Daniel Lobo

PhD Student, Department of Sociology, UC Berkeley
Berkeley Computational Social Science Fellow

Real name: 
Daniel Lobo

Daniel Lobo is a PhD student in the Department of Sociology at UC Berkeley. He believes that individuals make choices based on their preferences within a social context. Thus, his sociological project, like those of Émile Durkheim and Pierre Bourdieu, seeks to reveal the social in the apparently most individual forms of behavior. He is interested in how social conditions, both material and symbolic, shape the choices individuals make within our political economy–choices like where to live, who to build relationships with, whether and where to go to school, or where to work. Understanding the complex cognitive interaction between internalized dispositions and objective structures, including the digital structures of the 21st century, is core to this research project. Consequently, he draws most heavily on the work of Bourdieu, including his concepts of social reproduction, social fields, cultural and social capital, habitus, and symbolic power. Lobo aims to use the empirical power of computational social science to more precisely and comprehensively measure the effects of these theoretical concepts and others in his work. He holds a BA in Social Studies, with high honors, from Harvard College.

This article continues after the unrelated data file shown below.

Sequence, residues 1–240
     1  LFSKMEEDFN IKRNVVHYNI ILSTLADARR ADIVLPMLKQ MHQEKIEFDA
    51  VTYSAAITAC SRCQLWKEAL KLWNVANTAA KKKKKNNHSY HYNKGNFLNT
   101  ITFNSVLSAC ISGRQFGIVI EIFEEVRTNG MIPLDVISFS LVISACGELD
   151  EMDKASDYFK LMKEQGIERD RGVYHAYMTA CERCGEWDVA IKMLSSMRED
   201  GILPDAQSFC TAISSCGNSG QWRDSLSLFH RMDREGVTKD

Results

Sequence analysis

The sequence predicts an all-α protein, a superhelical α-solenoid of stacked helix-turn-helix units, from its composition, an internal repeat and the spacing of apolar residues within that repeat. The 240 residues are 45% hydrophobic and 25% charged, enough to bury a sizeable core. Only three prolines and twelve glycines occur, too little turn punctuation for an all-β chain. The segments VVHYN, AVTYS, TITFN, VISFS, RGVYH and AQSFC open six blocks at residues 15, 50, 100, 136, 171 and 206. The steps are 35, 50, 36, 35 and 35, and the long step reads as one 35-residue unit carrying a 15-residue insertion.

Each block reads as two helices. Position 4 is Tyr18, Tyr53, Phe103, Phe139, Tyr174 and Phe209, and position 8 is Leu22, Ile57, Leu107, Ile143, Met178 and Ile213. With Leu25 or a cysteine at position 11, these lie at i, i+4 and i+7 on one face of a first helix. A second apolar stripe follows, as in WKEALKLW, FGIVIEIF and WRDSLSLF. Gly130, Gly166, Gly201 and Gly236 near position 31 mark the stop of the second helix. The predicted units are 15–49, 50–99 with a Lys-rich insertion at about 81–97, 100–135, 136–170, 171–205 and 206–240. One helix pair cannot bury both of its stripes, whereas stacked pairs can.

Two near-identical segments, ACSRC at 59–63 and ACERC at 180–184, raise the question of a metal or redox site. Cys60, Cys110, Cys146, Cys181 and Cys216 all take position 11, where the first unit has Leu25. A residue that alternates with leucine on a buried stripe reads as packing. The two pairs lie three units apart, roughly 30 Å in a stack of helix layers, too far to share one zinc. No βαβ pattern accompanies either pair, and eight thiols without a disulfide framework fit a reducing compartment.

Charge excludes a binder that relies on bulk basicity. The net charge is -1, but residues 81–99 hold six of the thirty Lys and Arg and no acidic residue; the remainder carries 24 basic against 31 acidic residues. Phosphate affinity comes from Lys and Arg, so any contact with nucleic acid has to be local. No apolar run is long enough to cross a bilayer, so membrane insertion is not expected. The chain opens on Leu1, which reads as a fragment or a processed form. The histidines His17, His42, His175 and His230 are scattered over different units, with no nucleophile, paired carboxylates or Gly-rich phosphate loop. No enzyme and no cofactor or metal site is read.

CSSTP - BIDS Project Page Banner blue bg

Berkeley Computational Social Science Training Program